It is interesting to note that the engine emits more CO and HC using diesel compared to biodiesel under all loading conditions. The CO and HC reduction of biodiesel may be due to the intrinsic oxygen contained by the methyl esters [3] and [28]. It is believed that the addition or use of biodiesel leads a significant HC emission reduction [5]. However, the level of the HC exhaust emissions for biodiesel was unexpected, at least under the present test conditions, and suggests the lower volatility of the saturated palm biodiesel may lead to incomplete vaporization and combustion of the fuel [6], thereby keeping HC emissions relatively high. In general, the 2004 American standard EPA is met for CO and HC emissions. The 2004 standard establishes that the maximum CO and HC emissions should be 20.8 and 0.67 g/kWh, respectively. It is evident that regardless of the fuel or load, this 2004 standard is always met. However, this is not the case for the 2007 and 2010 American EPA standard which establish a maximum of 0.19 g/kWh for HC. Neither ultra low sulphur diesel nor palm biodiesel will meet with this standard under these conditions.

3.2.2 Nitric Oxides
Figure 7 shows NOx emissions for both fuels tested at the three different engine speeds and all load conditions. As expected, B100 causes NOx emissions to increase 15 % compared to ULSD. The magnitude of the biodiesel NOx increase agrees well with previous studies [4,5,6].

Figure 7.
NOx emissions for ULSD and POBD

In direct injection diesel engines there is a well documented increase in NOx emissions of 2-4 % for "B20" blends and as much as 20 % for B100 [7]. Generally, NOx is closely related to the rate of heat release during engine operation. Consequently, the NOx emissions of biodiesel are higher than that of diesel, because the heat release rate of biodiesel is higher [2]. Nitric oxides emissions are insensitive to the maximum cylinder temperature, but are sensitive to the timing. The ignition delay is influenced by the fuel's ignition quality (defined by the cetane number), the compression ratio, engine speed, cylinder gas pressure, the intake-air temperature, and the quality of fuel atomization. The most important factor in the engine-out NOx emissions is an advance in the start of injection timing caused by the higher bulk modulus of compressibility of biodiesel fuel [1]. In this test, the injection timing was not modified intentionally because we wanted to show how the implementation of palm oil biodiesel on heavy duty diesel engines is not straight forward. However, several researchers [1] have reported how a change in the injection timing could decrease undesirable NOx emissions caused by the use of partial saturated palm oil biodiesel.

3.2.3 Particle Matter
Brake specific black carbon (BSBC) is plotted versus BMEP and can be seen in Fig. 8. The BSBC is a measure of the particle matter that is emitted in the exhaust gas.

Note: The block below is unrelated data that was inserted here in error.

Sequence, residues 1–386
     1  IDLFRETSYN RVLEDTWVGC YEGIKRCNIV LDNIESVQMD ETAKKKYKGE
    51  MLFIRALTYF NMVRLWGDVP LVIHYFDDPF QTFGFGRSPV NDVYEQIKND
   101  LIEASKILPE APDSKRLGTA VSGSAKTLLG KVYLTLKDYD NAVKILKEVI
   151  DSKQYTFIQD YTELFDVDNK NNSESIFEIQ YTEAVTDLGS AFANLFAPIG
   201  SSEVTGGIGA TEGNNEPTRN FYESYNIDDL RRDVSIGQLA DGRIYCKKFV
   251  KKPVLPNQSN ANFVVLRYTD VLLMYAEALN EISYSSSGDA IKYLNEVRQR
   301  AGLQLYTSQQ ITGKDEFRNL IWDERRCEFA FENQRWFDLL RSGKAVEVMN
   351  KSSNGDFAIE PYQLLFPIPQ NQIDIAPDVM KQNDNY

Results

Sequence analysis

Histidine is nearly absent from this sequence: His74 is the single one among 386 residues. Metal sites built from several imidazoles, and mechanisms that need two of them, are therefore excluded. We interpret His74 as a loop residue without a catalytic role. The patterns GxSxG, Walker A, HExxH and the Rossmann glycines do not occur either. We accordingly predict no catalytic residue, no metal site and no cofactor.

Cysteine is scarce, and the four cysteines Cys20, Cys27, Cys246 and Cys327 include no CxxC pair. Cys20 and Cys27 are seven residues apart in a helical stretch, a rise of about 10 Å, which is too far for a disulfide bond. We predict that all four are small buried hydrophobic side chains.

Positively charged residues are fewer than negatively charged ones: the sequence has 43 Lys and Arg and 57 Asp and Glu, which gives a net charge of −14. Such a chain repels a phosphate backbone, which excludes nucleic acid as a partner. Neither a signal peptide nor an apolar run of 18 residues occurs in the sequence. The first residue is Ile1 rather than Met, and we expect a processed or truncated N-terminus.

Figure 8.
Black Carbon Emissions for ULSD and POBD

The mass collected on the Horiba micro soot sensor shows the particle emission increases with the use of palm oil biodiesel. This is due to high fraction of biodiesel would cause incomplete combustion [8,9]. In addition, this is caused through reduced atomizing of the fuel in the cylinder, which creates a less than optimal combustion. This leads to partially burnt particles and unburned residues being found in the exhaust. However, some authors have reported a significant reduction in PM emissions with the use of biodiesels. For example, in [12] PM emissions were collected on filters and B100 produced reductions with the use of biodiesel from soybean oil. In [12] the characteristics of the filters used are not specified. However there are filters which filter particles greater than 2.5 or 10 mm. It seems the PM emissions reported in [12] refer to particles greater than 10 mm. Lin et al. [10] showed that palm oil biodiesel blends have higher PM emission for a specific particle size (between 0.056 and 0.18 mm). On the other hand, for particle sizes greater than 0.18 mm, POBD blends have lower PM emissions. Although this research did not study the particle size distribution of the exhaust gases from a heavy duty diesel engine, it should be noticed that the Horiba micro soot sensor is a suitable instrument for measuring particle sizes smaller than 0.30 mm (nanoparticles).



Based on this study and the limited information available, it is not possible to draw definite conclusions concerning POBD influence on heavy duty diesel engine emissions. The information available provides the following picture:

Optimizing the engine management systems ensures that the increased NOx emissions remain limited and around the same levels as those for diesel.

If the vehicle is converted and/or setup correctly for running with POBD, emissions of CO, hydrocarbons, and PM10 will probably be lower than when the same vehicle runs on diesel.



Authors are conducting experiments in order to get particle-size distribution from HD diesel engines fuelled with ultra low sulphur diesel and palm oil biodiesel blended in different proportions.